Laurie Crosswell, writing for Asheville, North Carolina’s Mountain XPress, gave my book a nice review. She writes:
“Thompson’s book uncovers a bygone cinematic history and, in so doing, provides new views and insights about Asheville. Divided into seven chapters, Asheville Movies, Volume 1: The Silent Era takes the reader on an enlightening journey that “rediscovers a forgotten era of filmmaking in the Land of the Sky from the earliest “actualities” in 1900 to the final silent film, We’re Careful Now.
“Thompson sheds light on when and how film companies such as Edison made their way to Asheville, as well as what and where silent films were made and who starred in them and why. The filmographies of Captain Bob, The Summer Girl, The Conquest of Canaan and more are displayed following Thompson’s narration into the backstory behind how Asheville became such a popular and lucrative movie site. Stars such as Clara Kimball Young, Alice Brady, Edward Warren and more traveled to film in Asheville, where the mountains themselves served not only as a draw but as a star in themselves. Thompson keeps the reader engaged by making the information feel like a reward and not a lesson, often incorporating local trivia of the time.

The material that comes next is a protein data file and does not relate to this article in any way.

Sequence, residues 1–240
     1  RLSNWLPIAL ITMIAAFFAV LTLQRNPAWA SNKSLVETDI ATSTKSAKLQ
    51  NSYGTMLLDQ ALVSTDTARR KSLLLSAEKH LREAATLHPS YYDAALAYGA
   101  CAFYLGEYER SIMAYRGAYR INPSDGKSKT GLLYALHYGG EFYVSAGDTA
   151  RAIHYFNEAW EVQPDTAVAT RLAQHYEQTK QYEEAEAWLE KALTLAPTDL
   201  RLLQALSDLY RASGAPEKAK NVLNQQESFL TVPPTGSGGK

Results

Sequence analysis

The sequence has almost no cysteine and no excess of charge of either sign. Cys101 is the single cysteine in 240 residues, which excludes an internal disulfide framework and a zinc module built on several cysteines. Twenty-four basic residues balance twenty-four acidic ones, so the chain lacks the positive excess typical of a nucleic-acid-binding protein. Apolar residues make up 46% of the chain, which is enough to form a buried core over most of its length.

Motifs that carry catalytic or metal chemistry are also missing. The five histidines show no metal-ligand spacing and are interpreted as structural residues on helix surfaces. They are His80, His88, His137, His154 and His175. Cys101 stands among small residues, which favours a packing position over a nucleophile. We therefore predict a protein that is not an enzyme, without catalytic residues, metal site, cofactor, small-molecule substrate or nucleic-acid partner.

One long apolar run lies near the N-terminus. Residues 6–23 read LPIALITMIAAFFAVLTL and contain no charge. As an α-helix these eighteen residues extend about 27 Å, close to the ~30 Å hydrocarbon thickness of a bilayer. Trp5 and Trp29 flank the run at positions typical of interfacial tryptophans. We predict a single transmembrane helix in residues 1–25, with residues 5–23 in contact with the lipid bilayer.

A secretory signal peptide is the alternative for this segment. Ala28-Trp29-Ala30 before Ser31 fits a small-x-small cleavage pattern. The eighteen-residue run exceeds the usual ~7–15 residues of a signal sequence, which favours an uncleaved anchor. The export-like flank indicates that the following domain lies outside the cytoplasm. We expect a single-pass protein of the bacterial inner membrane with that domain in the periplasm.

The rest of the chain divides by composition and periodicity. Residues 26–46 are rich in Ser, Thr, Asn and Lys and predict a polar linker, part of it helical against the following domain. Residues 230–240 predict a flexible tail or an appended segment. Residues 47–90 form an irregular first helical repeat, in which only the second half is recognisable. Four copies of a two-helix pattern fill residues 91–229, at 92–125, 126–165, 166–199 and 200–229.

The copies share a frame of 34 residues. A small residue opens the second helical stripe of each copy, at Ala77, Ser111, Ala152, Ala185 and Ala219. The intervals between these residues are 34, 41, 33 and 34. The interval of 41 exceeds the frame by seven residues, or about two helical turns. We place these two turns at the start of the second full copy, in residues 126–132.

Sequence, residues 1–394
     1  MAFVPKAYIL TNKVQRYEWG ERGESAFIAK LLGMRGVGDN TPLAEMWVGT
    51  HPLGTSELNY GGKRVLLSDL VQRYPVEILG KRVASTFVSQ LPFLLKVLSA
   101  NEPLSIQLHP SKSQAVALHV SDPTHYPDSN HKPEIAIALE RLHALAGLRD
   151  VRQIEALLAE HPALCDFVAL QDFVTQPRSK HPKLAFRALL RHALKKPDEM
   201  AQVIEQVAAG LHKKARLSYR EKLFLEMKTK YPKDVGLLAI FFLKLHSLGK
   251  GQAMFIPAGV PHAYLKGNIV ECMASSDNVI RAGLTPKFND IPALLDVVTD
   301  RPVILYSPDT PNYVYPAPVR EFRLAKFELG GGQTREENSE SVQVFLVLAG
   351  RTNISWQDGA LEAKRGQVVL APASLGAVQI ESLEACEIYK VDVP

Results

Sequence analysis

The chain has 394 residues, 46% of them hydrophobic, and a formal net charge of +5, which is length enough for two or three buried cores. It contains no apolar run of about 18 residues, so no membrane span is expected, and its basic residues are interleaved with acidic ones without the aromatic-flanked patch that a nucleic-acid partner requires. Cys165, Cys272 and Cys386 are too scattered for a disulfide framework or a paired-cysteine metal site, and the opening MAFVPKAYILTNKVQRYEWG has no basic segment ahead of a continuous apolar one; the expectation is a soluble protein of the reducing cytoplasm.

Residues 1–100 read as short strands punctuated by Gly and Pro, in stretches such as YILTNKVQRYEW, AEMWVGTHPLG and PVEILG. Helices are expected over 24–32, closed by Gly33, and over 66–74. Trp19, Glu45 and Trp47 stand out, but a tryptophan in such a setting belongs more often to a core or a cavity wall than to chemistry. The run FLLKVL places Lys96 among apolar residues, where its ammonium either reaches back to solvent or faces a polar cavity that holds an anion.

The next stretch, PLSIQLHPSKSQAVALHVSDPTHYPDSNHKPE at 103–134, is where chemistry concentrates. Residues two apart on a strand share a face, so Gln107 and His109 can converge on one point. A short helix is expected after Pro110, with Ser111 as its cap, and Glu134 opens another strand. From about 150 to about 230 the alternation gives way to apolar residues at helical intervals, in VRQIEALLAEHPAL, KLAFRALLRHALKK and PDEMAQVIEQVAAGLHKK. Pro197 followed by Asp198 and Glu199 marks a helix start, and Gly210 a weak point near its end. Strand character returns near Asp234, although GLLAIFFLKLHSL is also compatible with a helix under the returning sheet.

“For instance, when discussing The Conquest of Canaan‘s film history, Thompson recounts: “In the ‘School Calendar of 1920-21’ section of Asheville High School’s 1921 yearbook, the month of March was marked with a single entry: ‘Thomas Meighan is in town!’ It wasn’t only the teenagers of Asheville who were thrilled by the visit from Hollywood royalty. The entire city was electric with excitement for nearly a month while Famous Players-Lasky filmed its adaptation of Booth Tarkington’s The Conquest of Canaan.”
You can read the entire article here: